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How to Develop an OEM Adaptation Layer

Other versions of this page are also available for the following:
Windows Mobile Not SupportedWindows Embedded CE Supported
8/27/2008

An OEM adaptation layer (OAL) is a layer of code between the Windows Embedded CE kernel and the hardware of your target device.

You develop an OAL to communicate data between your operating system (OS) and your target device and include code to handle interrupts, timers, and so on. For more information about the OAL, see OEM Adaptation Layer.

Some of the startup code for your OAL might be completed if you already implemented a boot loader.

For example, you can reuse parts of the StartUp function and debug routines that were created during the boot loader development process.

Conversely, if you have not developed a boot loader, the following steps cover implementation of stand-alone OAL startup code.

For more information about developing a boot loader, see How to Develop a Boot Loader.

  • You developed and built your boot loader code; public headers and libraries have gone through the Sysgen phase.
  • You are developing the OAL without assistance from SOC (system-on-chip) OAL code. If SOC libraries and a driver exist for your hardware, use them. The libraries and driver help shorten the time during development and test phases.

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The SOC directory is new for Windows Embedded CE 6.0. The contents of the Windows CE 5.0 CSP directory has been restructured and migrated to the SOC directory.

The set of procedures presented in following steps provides only a basic kernel with a file system and debug network support, and offers no support for drivers. To develop an OAL, follow the steps in the table below.

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You need to create or modify other files outside of the OAL in order to create a tiny kernel board support package (BSP). For example, you need to modify Config.bib, which contains information about the RAM regions used by the OS.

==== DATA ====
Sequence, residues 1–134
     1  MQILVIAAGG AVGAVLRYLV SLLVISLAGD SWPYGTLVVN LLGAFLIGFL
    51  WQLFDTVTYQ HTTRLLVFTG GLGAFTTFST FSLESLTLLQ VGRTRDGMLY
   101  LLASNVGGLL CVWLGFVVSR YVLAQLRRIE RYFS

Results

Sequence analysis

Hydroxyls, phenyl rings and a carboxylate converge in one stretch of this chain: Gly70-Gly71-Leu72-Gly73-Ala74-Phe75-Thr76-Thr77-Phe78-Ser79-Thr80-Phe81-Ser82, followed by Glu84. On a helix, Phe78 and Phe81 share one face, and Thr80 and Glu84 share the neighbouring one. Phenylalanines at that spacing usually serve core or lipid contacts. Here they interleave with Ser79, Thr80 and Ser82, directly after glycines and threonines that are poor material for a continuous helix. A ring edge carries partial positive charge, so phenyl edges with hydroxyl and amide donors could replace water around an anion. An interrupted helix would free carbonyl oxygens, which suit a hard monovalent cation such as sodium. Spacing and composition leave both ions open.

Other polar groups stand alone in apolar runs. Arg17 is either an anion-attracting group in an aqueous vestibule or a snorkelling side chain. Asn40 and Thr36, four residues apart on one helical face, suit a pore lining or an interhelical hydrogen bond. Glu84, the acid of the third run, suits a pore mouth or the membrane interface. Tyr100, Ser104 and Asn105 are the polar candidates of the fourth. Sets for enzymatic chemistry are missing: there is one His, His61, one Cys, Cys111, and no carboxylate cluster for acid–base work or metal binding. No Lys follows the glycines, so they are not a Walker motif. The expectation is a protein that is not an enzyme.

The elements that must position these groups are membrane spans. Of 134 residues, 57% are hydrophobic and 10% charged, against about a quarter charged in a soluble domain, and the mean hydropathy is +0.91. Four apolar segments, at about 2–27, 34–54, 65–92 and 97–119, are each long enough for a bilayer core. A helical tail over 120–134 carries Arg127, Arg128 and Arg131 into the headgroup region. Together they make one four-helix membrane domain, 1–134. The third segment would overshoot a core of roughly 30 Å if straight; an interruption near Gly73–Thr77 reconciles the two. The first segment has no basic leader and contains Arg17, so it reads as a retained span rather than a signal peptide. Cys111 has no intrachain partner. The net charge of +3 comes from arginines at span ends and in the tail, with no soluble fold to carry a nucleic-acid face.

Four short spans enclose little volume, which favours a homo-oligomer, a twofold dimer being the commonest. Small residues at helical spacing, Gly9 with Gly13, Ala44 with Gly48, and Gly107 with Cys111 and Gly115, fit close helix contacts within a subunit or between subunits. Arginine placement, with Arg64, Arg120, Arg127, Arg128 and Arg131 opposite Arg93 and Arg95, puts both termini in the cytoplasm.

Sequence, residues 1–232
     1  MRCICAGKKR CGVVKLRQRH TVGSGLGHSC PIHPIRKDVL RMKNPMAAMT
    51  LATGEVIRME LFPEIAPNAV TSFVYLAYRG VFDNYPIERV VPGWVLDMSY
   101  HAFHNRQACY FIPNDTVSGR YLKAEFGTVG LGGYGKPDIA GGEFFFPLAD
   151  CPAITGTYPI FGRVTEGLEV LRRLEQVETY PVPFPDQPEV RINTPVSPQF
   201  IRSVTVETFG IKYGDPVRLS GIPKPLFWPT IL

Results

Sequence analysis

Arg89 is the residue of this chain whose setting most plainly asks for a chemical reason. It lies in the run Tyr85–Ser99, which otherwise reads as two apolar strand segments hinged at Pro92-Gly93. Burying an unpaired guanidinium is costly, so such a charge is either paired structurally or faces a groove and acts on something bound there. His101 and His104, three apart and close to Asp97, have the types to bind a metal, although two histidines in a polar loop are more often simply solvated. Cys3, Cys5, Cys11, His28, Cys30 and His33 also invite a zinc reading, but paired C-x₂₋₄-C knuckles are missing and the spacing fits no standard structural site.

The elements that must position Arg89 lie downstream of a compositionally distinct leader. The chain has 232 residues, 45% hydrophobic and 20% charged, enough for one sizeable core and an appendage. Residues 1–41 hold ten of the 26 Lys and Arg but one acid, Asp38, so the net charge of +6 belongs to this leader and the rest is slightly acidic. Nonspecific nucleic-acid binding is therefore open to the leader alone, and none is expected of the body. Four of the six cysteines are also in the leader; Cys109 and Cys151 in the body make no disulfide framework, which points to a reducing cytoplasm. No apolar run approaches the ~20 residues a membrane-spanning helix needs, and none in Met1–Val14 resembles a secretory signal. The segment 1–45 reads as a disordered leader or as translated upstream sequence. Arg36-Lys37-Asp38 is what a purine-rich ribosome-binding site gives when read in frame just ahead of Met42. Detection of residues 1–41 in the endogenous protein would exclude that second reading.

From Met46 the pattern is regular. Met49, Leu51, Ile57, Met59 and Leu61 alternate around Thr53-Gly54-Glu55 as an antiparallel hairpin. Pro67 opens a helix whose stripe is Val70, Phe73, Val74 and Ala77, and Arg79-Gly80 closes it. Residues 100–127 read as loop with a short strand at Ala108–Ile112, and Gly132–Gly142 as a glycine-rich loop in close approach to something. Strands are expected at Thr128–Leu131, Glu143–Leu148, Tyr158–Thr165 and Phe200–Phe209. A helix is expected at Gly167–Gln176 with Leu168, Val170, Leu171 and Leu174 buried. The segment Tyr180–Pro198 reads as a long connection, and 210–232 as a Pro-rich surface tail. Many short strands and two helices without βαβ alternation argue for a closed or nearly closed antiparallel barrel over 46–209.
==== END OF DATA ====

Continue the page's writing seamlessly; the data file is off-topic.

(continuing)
Step Topic

1. Create a hardware platform directory and a subdirectory for the OAL on your development workstation.

The following example shows the basic naming convention for a hardware platform called MyPlatform.

  • Hardware platform directory: %_WINCEROOT%\Platform\MyPlatform
  • OAL directory: %_WINCEROOT%\Platform\MyPlatform\Src\Kernel\OAL

You need to include the directories in the dirs file if you want the directories to build as part of a run-time image. For more information about dirs file, see Dirs File.

Not applicable

2. Implement the Startup function for the OAL.

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In general, StartUp initializes the CPU core, including the SDRAM controller, memory management unit (MMU), and caches. The function performs this in preparation for running the Windows Embedded CE kernel.
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Parts of this code can be shared with your hardware platform's boot loader.
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Be careful not to initialize hardware twice in this situation. OAL StartUp should function whether or not the boot loader has run. For example, the OAL should not attempt to enter x86-protected mode if the boot loader has already done so.
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You can typically obtain this function from a sample OAL using the same CPU core.

OAL StartUp Function Implementation

3. Create a sources file and a makefile to assemble and compile the file containing the StartUp function.

Creating the OAL Sources and Makefile Files

4. Build the StartUp source file.

This step verifies that the build files are correct and in place. This step creates a Hal.lib binary in your hardware platform's Lib directory.

Building the OAL Source Code

5. Create the Kernel directories and create a dirs file to direct the build process.

The Windows Embedded CE kernel, of which the OAL is a part, is an .exe file that is created as part of the BSP build process.

There are typically three different kernel variants: basic kernel, kernel with KITL, and a profiling kernel. The focus of this OAL development process is on the kernel with KITL.

You must create additional build directories and sources files if you want to create the remaining kernel images.

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If you try to build the Kernkitl.exe image at this stage, you will receive a number of unresolved externals because a number of required functions have not yet been implemented.